Today, the Union of Orthodox Jewish Congregations of America – the nation’s largest Orthodox Jewish umbrella organization – through its Institute for Public Affairs, joined with other national Orthodox Jewish organizations in filing a “friend of the court” brief with the United States Supreme Court urging the court to uphold the public display of the text of what is popularly known as “the Ten Commandments.” The brief, filed in the case of Van Orden v. Perry under the aegis of the National Jewish Coalition on Law & Public Affairs, was principally authored by Washington attorney and Institute board member Nathan Lewin.
In the Van Orden case, the high court is reviewing a ruling by the federal Court of Appeals for the 5th Circuit upholding the constitutionality of a stone monument on the grounds of the Texas state capital on which the text of the Decalogue. The Supreme Court also has before it this year a companion case, ACLU v. McCreary County, in which a Ten Commandments display in a Kentucky courthouse was deemed an unconstitutional establishment of religion by the federal Court of Appeals for the 6th Circuit. The brief filed today makes the following arguments to the high court: First, that although the Ten Commandments certainly possess religious significance, they have also, “over time, acquired secular meaning as well.” The brief notes that the Court has previously recognized this with regard to another Jewish religious symbol – the menorah – in a 1989 ruling upholding their public display during the winter season. Thus, just as a menorah – a religious symbol with secular meaning as well – may be displayed so too the Ten Commandments – which convey not only a religious message but secular ones as well with regard to the history of law and society. Second, while some display opponents contend that due to the fact that different denominations have different translations and numerations of the Decalogue and, thus, choosing one version over another expresses an unconstitutional preference for one faith over another, the Orthodox brief rejects this contention. “The minutiae of the particular text is irrelevant; the [secondary] secular theme of the display is the message that the Ten Commandments have been a historical foundation for a society based on the rule of law.” This message obtains irrespective of which version of the Commandments is utilized. The brief does, however, note that if there were evidence – absent in the cases before the Court – of government officials deliberately choosing one particular version over another with intention of endorsing that denomination, that may well “constitute the impermissible endorsement” of religion. Third, the brief notes that, as highlighted by the 5th Circuit court’s ruling, the context in which a Ten Commandments display appears is critical to their constitutionality. In both Texas and Kentucky, the Ten Commandments appear alongside other historic icons of law. This is much the same as they appear in a frieze in the chamber of the U.S. Supreme Court as well. The brief rejects those who would “require public officials to actively undertake special steps to secularize” the display.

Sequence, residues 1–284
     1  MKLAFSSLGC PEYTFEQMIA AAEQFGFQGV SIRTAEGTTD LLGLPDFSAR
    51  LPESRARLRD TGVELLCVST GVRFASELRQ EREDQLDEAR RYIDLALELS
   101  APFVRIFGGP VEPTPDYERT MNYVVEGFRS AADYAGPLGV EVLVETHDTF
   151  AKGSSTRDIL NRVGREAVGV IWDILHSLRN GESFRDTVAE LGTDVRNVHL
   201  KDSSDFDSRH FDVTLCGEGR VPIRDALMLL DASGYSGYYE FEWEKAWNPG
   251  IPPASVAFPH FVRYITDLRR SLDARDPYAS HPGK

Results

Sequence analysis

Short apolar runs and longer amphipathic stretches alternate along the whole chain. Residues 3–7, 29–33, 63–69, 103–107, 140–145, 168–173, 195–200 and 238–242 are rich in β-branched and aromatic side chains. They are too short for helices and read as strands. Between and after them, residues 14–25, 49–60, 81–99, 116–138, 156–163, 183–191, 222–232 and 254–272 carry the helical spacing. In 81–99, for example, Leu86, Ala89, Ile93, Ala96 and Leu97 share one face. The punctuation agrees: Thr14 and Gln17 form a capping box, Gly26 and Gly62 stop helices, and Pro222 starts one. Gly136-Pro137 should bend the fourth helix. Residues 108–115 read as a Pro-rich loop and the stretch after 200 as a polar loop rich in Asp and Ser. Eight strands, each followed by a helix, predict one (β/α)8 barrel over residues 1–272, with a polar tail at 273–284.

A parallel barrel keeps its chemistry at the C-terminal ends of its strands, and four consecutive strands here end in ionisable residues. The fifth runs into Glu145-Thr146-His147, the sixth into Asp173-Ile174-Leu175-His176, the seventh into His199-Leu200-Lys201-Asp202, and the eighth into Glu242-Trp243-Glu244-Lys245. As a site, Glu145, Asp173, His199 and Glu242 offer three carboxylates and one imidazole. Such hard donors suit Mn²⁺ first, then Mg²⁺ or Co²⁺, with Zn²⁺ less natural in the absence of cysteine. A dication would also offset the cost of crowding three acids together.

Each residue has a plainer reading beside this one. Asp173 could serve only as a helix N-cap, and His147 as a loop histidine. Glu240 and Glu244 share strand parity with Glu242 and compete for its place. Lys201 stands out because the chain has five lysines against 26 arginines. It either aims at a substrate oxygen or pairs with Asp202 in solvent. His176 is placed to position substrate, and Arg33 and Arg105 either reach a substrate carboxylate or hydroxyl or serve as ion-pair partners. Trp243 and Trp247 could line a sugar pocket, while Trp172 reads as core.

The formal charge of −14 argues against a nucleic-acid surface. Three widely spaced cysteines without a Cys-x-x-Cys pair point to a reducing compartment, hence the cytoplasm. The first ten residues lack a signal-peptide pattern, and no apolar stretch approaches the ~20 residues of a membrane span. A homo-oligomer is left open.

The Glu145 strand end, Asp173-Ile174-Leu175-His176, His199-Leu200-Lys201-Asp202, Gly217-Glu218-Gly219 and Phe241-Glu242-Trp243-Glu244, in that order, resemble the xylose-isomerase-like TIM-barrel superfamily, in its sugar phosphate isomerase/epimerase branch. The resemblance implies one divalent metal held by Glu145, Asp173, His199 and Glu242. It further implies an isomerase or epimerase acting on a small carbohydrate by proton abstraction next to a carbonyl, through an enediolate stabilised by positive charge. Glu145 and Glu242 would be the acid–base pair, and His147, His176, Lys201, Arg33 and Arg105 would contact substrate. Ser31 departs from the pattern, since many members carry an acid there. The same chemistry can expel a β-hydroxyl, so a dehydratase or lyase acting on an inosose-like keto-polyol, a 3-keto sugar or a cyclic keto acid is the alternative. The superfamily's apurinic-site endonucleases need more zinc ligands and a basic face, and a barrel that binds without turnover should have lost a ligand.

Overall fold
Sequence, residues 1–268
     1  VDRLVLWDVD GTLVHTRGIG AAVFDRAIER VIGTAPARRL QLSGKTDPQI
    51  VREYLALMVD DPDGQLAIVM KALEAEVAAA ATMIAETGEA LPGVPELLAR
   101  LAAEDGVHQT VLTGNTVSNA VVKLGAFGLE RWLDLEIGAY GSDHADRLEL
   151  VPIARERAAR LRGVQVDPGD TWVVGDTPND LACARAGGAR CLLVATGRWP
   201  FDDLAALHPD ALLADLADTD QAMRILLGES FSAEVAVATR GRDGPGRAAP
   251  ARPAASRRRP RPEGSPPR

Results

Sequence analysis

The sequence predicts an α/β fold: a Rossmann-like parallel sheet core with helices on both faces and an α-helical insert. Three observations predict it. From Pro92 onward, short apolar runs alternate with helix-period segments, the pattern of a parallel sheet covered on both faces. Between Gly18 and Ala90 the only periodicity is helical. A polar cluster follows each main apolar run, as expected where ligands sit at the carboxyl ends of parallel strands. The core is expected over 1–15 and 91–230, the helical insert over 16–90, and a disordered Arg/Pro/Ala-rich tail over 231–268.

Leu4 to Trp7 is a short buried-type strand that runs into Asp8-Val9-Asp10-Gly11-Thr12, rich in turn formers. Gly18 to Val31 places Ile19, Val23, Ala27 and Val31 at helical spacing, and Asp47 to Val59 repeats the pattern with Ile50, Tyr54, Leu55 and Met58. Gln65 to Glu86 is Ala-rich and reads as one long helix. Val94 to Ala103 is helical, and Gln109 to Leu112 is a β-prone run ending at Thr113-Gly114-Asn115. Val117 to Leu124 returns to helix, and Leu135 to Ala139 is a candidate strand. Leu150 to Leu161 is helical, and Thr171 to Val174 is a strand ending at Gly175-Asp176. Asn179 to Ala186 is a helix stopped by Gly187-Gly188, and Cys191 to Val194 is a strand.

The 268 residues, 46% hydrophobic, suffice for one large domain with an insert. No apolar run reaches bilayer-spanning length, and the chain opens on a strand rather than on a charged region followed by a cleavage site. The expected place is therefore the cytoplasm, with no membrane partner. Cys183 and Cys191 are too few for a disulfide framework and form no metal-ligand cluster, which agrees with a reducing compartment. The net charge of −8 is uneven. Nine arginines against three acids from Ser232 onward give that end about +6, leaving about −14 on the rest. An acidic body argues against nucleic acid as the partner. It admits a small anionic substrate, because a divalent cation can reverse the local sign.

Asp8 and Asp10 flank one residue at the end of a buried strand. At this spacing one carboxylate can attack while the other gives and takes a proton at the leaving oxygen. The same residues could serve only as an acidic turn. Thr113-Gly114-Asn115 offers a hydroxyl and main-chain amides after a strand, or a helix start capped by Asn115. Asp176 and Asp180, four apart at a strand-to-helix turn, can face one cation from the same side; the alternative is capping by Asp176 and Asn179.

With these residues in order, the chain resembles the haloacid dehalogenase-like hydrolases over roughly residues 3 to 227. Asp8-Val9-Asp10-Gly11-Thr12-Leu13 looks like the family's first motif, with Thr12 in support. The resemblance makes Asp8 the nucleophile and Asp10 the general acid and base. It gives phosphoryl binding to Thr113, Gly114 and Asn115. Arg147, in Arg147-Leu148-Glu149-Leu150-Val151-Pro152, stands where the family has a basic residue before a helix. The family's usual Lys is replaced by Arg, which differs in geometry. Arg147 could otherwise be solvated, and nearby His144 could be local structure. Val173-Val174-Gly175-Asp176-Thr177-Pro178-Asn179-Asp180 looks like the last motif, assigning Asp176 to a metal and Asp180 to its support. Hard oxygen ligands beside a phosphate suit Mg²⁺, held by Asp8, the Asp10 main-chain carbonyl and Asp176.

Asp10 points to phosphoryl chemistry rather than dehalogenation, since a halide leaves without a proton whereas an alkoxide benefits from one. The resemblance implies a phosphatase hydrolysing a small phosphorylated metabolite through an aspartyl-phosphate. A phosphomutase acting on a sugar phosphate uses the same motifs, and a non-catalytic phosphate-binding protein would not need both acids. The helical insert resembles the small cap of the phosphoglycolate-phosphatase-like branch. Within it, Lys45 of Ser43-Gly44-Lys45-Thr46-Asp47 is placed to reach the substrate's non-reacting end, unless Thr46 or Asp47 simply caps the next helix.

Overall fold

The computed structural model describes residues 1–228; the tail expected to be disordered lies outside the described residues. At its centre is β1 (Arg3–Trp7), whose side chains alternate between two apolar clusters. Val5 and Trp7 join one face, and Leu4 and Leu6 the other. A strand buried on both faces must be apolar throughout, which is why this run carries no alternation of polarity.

In connection with the filing, Nathan Diament, the Union’s director of public policy, stated: “As representatives of the faith to whom the Ten Commandments were initially given on Sinai, we have a deep appreciation for the role these principles have played in the development of a just and moral society. To eliminate their display from the public square on the basis of their religious source is but the latest misguided attempt to oust religion from its critical role in American life.”